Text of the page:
Just churning out content for the sake of going through the process is setting yourself up for failure. Unless you’ve got a model like Demand Media and would benefit from being fast, cheap and profitable as hell, go the other route and refine all ideas to pass the “So what?” test. Especially if you’re in B2B – the goal of content marketing is usually to inspire trust, grow your reputation and influence your market. Throw-away content accomplishes none of these things.

2. Create remarkable content, take chances, stand out

With some 900,000 blog posts published every 24 hours, and more than 20 hours of video uploaded every minute to YouTube as just two examples, how do you expect to stand out with “vanilla” content? If you’re going to play it safe or regurgitate what is being done by others you’ve got almost no chance to succeed unless you already have a large community built you can tap. And even then, as we add layer upon layer of aggregation, sharing and filtering to the web it’s still possible to be ignored. You need to consistently break the mold, be an unmissable resource or in some way stand out to make your content heard.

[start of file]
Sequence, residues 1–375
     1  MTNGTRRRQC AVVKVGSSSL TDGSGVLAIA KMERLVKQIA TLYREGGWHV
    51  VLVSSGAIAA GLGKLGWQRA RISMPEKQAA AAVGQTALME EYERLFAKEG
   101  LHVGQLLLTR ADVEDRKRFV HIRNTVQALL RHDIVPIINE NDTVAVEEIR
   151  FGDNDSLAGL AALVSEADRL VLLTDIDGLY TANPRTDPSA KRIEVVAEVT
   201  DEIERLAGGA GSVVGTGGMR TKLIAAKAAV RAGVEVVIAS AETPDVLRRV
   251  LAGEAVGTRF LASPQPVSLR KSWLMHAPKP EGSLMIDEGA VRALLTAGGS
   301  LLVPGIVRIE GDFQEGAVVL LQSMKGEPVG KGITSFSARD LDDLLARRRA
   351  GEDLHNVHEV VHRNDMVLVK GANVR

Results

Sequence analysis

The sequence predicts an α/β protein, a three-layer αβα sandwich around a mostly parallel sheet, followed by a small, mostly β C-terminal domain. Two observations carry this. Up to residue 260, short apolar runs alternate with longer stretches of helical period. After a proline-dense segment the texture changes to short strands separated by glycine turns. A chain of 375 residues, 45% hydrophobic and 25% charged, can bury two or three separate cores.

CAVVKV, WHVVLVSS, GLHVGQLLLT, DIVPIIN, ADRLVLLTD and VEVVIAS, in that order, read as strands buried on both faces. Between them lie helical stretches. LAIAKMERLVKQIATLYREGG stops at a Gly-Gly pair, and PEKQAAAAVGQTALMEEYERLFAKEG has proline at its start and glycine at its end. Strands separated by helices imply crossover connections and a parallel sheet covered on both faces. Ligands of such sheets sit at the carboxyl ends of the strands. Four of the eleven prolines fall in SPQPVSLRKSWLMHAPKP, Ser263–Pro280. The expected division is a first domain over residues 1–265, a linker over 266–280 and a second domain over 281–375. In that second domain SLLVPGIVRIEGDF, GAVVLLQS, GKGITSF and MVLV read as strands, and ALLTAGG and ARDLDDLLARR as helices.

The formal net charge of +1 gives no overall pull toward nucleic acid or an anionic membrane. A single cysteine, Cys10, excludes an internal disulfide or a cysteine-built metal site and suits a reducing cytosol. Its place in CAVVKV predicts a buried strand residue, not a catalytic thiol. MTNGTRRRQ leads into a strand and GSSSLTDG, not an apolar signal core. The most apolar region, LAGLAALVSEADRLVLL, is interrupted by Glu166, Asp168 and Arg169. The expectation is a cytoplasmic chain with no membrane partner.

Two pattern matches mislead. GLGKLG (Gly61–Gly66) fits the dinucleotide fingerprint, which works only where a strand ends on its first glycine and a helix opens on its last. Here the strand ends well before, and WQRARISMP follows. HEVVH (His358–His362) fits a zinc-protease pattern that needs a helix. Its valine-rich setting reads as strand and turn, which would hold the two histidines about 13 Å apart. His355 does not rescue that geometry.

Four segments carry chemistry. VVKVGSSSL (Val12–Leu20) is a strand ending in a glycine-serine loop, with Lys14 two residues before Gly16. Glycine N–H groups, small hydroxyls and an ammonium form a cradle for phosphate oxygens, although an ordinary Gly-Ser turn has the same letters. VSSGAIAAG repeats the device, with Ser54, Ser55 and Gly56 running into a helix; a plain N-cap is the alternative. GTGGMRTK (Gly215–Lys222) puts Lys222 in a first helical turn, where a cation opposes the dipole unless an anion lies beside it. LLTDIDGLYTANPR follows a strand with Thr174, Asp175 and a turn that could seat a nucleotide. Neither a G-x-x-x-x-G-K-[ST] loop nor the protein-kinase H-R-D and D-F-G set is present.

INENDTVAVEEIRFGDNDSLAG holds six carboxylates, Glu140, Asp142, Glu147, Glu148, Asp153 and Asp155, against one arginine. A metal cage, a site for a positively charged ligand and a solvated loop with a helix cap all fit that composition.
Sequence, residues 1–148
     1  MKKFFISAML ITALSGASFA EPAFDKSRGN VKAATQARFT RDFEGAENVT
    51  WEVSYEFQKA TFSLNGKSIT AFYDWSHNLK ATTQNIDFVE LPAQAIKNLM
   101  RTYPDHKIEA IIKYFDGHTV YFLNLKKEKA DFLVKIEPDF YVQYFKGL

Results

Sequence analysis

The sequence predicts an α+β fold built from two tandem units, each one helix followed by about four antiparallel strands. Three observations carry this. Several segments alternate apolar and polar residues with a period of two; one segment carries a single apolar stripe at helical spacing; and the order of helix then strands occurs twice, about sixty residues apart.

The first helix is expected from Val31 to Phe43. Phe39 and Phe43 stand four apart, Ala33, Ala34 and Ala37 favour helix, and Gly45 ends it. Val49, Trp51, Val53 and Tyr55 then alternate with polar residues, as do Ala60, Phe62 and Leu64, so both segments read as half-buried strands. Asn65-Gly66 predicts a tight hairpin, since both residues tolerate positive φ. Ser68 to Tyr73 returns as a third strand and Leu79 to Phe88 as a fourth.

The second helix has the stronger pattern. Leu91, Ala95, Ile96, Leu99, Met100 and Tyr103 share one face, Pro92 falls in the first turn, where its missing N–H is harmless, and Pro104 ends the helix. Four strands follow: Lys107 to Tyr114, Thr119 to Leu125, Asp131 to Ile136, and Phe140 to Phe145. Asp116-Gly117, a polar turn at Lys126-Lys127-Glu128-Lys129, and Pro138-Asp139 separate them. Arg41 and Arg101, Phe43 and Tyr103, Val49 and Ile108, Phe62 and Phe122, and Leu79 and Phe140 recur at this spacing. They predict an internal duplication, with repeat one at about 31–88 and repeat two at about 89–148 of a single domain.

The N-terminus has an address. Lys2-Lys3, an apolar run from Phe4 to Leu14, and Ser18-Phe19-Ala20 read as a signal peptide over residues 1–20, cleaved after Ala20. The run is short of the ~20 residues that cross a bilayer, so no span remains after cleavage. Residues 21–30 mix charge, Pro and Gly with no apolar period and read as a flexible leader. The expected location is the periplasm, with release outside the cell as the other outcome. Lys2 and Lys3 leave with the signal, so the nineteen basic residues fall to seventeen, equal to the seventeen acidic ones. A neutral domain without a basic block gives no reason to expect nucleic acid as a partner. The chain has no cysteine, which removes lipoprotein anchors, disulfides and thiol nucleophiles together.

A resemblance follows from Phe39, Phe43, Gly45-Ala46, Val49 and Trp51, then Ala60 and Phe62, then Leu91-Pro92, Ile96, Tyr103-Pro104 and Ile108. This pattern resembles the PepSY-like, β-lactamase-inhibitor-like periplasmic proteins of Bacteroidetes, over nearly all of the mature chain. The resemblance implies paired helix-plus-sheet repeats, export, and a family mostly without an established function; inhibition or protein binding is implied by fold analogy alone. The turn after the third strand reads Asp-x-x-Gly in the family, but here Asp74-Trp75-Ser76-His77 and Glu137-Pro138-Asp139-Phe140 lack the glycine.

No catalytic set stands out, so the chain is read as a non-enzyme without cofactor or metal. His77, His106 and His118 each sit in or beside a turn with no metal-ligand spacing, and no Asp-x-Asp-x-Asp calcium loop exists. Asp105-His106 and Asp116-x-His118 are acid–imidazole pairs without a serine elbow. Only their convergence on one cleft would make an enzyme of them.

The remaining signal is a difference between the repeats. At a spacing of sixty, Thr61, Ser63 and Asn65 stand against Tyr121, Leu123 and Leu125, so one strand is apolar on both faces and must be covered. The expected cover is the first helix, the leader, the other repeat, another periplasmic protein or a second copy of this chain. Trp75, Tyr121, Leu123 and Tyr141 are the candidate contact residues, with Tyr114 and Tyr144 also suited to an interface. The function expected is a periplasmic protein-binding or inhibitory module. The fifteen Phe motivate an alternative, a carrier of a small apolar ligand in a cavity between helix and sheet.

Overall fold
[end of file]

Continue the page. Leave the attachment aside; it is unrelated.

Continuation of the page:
3. Speed and agility are factors

If your content marketing efforts are agile enough to touch audiences in a timely manner, you’ll be top-of-mind for prospects vs. slow moving competitors who have complex approval processes. Again and again, the web rewards nimble companies far more than those who are restricted or micromanaged.

4. Personality is essential

We connect deepest with content that has a voice and personality behind it. No one enjoys reading the language on a corporate website. It’s cold and impersonal and in reality does not connect with audiences, it merely conveys information. Personality and emotion are lacking in most corporate and business communications, and this has carried over into the content marketing efforts of many. But, infusing these elements within your content marketing strategy can be a powerful way to not just speak to prospects but connect with them.

5. Content should forge connections

Your content marketing can also accomplish another valuable goal: building connections and relationships. This has both social and SEO returns. Connections can help build inbound links, increase shares in social channels and ultimately help your content gain visibility. Incorporation of these connections should be worked into the content artfully and naturally. Readers may not even realize what is happening, but those you are trying to forge connections with will.

6. Worry less about perfection, more about tone

Be less concerned with being perfect and more concerned with being earnest, thoughtful and genuine. Perfection is severely overrated and minor flaws are forgivable, while the wrong tone can be as detrimental as causing online reputation management issues.

7. Make content scan-able (and attractive)